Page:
From: European Space Agency
Posted: Monday, November 7, 2016
The COP22 climate change summit opened today in Marrakesh, Morocco. ESA is joining international partners to report on the status of space-based climate research and propose improvements to how climate data are collected and distributed.
The 22nd UN Conference of the Parties on Climate Change is hosting international leaders to assess the progress in dealing with climate change.
The meeting provides an opportunity for delegates to discuss the Paris Agreement, which aims to keep global temperature increase below 2°C. The outgoing President, Ségolène Royal, announced this morning that 100 countries have signed the Paris Agreement, which came into force on 4 November.
ESA is part of a coordinated response by international space agencies to provide crucial information for mitigating climate change. Satellites collect data on a number of climate variables including greenhouse gas emissions, delivering unbiased information on the health of our planet.
At the opening of the two-week summit, the Global Climate Observing System (GCOS) committee noted that, while current observing systems have enabled great advances in understanding climate change and its human causes, there is room for improvement at regional scales.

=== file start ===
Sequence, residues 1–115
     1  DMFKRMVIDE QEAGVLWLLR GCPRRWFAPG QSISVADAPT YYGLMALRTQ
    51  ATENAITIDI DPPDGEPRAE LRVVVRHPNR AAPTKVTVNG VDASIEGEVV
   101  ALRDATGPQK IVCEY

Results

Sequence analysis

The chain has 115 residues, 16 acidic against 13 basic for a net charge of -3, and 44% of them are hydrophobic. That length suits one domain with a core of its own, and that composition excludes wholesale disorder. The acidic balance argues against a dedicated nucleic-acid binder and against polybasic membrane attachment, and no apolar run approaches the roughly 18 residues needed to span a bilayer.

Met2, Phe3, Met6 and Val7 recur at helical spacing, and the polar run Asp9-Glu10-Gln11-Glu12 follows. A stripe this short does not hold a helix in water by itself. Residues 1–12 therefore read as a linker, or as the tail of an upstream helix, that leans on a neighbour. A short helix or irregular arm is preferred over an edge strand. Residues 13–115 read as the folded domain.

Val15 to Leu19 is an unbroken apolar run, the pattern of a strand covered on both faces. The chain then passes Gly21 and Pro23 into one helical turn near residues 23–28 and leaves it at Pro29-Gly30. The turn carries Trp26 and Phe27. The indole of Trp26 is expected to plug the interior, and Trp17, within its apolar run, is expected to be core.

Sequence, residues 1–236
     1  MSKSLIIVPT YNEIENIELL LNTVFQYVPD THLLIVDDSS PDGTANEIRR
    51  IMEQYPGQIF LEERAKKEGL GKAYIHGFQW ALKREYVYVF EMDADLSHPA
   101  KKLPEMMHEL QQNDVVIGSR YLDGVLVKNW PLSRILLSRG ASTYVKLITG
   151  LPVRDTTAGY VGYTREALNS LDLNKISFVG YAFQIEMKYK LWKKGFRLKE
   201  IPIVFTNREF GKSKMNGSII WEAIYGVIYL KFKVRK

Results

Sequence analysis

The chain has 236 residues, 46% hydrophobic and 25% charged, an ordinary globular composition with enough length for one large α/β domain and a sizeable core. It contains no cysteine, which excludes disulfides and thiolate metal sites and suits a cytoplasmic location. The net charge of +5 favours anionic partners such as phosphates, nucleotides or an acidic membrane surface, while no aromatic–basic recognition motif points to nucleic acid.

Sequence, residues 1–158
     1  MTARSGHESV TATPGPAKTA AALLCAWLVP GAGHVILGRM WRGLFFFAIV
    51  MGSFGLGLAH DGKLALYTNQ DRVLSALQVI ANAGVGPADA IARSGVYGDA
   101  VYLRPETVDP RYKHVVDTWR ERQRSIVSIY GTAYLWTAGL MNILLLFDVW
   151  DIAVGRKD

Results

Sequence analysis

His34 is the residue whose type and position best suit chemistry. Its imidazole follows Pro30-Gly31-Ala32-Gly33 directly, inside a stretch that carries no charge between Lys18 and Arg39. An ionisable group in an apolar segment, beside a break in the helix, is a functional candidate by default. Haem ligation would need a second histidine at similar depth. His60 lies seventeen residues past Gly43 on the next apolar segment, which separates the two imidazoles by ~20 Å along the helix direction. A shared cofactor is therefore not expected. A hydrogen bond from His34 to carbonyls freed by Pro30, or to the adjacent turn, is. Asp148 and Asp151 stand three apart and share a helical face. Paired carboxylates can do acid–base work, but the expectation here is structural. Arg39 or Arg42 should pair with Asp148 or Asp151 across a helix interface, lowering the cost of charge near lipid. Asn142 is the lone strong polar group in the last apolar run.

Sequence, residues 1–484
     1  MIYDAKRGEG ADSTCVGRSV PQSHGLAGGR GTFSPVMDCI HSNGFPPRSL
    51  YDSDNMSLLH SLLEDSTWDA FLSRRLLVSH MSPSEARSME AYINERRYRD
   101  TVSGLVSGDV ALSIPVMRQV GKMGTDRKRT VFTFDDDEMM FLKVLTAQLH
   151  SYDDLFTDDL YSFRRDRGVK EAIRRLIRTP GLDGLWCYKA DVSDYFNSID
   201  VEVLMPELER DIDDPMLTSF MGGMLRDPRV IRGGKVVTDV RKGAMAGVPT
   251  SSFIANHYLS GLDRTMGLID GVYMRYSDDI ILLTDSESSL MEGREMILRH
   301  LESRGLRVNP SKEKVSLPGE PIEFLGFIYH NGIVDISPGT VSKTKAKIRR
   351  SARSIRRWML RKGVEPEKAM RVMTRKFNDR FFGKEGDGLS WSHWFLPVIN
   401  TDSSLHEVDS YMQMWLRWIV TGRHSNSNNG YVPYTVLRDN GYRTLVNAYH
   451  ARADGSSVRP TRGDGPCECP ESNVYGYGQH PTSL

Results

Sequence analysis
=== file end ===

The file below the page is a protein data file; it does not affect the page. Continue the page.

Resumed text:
It proposes a plan to improve observing networks and systems, as well as ensure the regular review and monitoring of the performance of the global climate observation system. The Committee on Earth Observation Satellites and Coordination Group for Meteorological Satellites – both of which ESA takes part in – will respond to that plan on behalf of the space agencies.
The plan also aims to guarantee open data access and indefinite data storage, as well as the delivery of information products to support climate services.
Observational guidelines and requirements for essential climate variables that can be used both globally and for local adaptation is key to a coordinated international approach to measuring the impacts of climate change, and was also included in the GCOS plan of action, along with the development of an agreed list of climate indicators.
Over the course of the summit, ESA will meet representatives from other space agencies to improve cooperation in collecting and sharing crucial data.
ESA will also participate in a number of side events, including special sessions on how satellite data are contributing the UN Reducing Emissions from Deforestation and forest Degradation, or REDD+, initiative.
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